Punching Bluegills

By Jason Mitchell - February 1, 2013
If there is a general rule of thumb, water with decent to excellent visibility often has good weed growth that can remain through the course of a winter. Granted, snow cover can eliminate light penetration which in turn can knock down vegetation but if there are weeds, typically there are bluegills.

Most lakes have a variety of weed types and we have found bluegills around just about anything that resembles cover especially at first and late ice. Some weeds like the cabbage variety typically die and break down fast during the winter but at times will still hold fish. Other plants like Chara or even bulrushes can hold fish. My favorite winter weed however is coontail. Coontail grows to deeper depths and will often remain green much longer through the ice. Any type of weed is better than no weed providing that the fish are holding in the depth of the weed but green weeds are almost always best if they are available.

An underwater camera like the Vexilar Scout can be invaluable for weed recon work. The crisp picture and lack of refraction can give you great information on what condition, what species and what color the weeds are.

Light penetration and predators probably influence how bluegills position and move around weeds more than anything else. Typically on a lot of water, lower light penetration creates windows where fish cruise and drift from the cover. What this means is that you can sit over a good trough, break or gap in the weeds and the spot will recharge with fish. This often occurs at sunrise and sunset.

High sun or predators like northern pike can push bluegills into the weeds. When fish hunker into weeds, the angler often has to fish more through more holes to contact fish. When fish stop moving, you have to move to be successful. The other key to being successful when targeting panfish buried in weeds is to use tackle and equipment that will punch through the weeds to reach the fish. Think like a bass angler using a heavy jig to punch through pads or slop to get down to fish.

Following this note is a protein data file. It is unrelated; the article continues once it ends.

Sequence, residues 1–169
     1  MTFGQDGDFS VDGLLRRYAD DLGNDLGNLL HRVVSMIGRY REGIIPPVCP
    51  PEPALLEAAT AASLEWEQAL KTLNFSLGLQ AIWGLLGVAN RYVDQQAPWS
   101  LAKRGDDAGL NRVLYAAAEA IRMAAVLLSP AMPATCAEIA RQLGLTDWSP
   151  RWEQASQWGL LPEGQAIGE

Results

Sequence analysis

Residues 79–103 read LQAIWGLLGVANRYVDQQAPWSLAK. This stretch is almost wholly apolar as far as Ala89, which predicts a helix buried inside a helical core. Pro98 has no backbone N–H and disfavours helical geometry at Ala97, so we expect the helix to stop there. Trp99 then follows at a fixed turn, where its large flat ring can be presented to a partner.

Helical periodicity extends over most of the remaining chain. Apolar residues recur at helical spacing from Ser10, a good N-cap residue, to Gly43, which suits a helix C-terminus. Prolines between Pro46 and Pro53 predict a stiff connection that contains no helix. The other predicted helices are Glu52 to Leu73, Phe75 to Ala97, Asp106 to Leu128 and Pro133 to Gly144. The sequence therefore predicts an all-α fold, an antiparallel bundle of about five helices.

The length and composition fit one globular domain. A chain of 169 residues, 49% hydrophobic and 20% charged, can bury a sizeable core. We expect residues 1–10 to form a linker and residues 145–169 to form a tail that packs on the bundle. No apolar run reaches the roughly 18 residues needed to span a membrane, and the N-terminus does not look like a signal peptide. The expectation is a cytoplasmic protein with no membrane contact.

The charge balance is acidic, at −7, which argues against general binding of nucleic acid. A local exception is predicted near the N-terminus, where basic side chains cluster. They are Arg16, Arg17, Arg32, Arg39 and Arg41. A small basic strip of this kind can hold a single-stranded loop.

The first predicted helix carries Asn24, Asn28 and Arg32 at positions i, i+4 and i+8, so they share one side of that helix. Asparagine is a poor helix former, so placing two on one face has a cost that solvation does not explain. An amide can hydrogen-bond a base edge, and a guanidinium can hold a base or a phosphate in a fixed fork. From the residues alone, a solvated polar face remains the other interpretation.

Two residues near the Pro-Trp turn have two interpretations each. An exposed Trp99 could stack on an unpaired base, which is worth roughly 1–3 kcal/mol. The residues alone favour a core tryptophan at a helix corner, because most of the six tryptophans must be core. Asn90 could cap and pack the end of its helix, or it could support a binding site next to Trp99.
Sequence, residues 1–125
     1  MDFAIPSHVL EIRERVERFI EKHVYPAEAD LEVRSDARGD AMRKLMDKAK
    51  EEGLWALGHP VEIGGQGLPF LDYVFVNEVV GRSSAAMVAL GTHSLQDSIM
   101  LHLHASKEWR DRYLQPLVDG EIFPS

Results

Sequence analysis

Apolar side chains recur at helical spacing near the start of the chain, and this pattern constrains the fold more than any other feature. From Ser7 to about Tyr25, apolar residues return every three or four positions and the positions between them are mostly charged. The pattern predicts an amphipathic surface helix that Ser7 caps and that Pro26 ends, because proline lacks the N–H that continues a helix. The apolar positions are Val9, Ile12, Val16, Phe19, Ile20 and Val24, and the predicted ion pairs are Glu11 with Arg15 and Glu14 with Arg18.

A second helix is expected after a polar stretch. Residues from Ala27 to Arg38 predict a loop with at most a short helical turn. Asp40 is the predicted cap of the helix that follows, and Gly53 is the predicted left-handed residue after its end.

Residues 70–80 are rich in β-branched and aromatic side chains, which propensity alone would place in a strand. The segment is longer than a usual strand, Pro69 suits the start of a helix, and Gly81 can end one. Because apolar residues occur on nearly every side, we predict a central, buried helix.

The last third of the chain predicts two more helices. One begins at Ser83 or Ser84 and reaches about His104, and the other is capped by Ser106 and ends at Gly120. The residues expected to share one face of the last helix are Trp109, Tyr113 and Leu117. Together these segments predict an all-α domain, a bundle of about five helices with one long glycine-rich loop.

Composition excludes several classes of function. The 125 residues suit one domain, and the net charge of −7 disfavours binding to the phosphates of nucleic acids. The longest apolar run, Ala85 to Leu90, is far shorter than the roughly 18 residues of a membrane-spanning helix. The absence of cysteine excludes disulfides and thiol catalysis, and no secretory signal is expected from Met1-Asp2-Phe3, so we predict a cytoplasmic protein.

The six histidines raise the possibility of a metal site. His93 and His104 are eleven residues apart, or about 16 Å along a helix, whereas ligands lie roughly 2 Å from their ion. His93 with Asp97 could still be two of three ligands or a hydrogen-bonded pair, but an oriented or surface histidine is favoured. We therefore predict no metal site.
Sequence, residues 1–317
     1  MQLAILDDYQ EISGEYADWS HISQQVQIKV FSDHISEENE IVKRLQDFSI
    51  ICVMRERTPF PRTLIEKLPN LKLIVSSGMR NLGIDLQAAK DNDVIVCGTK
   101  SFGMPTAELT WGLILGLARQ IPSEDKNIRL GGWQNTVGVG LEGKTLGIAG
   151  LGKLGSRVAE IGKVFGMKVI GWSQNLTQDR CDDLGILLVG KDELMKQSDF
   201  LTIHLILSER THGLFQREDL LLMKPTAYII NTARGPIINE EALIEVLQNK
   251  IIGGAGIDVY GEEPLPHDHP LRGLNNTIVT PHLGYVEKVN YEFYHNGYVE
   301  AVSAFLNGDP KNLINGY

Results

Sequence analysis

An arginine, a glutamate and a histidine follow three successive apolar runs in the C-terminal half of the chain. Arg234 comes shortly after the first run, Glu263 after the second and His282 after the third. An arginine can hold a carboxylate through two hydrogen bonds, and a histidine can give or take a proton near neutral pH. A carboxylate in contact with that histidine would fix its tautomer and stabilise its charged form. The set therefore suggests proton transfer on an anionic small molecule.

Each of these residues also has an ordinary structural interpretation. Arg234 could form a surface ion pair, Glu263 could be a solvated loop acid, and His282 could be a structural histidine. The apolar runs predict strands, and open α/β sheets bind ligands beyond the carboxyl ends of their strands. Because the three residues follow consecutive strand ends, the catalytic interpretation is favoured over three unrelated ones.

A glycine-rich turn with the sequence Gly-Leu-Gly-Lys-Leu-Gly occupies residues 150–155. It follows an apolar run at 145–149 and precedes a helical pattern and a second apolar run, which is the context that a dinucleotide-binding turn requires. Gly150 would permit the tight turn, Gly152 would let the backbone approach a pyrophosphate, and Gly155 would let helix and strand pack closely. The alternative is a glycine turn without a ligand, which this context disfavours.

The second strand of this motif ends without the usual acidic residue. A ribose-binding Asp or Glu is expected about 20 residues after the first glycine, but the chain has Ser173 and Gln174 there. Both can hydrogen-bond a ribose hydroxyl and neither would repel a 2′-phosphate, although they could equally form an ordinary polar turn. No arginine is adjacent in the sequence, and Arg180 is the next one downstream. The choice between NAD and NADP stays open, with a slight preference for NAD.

While a camera can give you a tremendous education, hole-hopping through salad is where the Vexilar FL-22 shines. We live in a world where almost everything has moved to the digital age but when it comes to ice fishing, the information you get from the raw analog signal on a Vexilar is a game changer. Why does the analog signal give you an edge? When fishing weeds, you have to turn down your power so that you can barely see any signal indicating the vegetation. The analog signal picks up movement better than anything so it becomes easier to see the jig working within the weeds and also easier to see fish moving through the weeds as they approach. The next step is to adjust the cone angle by either using the Tri-Beam or Pro View transducer so you can tune out even more weed clutter to clean up the screen. For shallow weeds less than fifteen feet, the ten foot scale on the FL-22 really blows the picture up, making everything easier to see.

When trying to reach bluegills that are buried in the weeds, use presentations or jigs that drop hard enough to fall through the leaves and stalks. This usually isn't a finesse game because to light or too slow of falling jigs get hung up near the top of the canopy. The weight of tungsten is ideal. Jigs like the Northland Tackle Mooska punch through the weeds and reach the fish.

Another really good option that is often overlooked is to take a small Buckshot Rattle Spoon or Forage Minnow and attach a short chain dropper. We recently filmed and aired a television program where we discussed this presentation. The advantage of this combination is that the weight of the spoon cuts through the weeds but the chain on the bottom is very flexible giving the hook a very delicate action and the chain is easy for fish to suck in.

On fisheries with good weed growth, extracting bluegills from the jungle is part of the game at some point each winter. By approaching the weeds with the right mentality and the right tools, this extraction process is made much more effective.

Author Jason Mitchell

Jason Mitchell
The author Jason Mitchell is credited with pioneering many modern ice tactics for walleyes and earned a reputation as a renowned ice fishing guide on Devils Lake, North Dakota with the Perch Patrol Guide Service before a career in outdoor television. Jason Mitchell Outdoors Television can be viewed on FSN North at 9:30 Sunday mornings and FSN Midwest at 8:30 am Saturday mornings. Show schedule can be found at www.jasonmitchelloutdoors.com.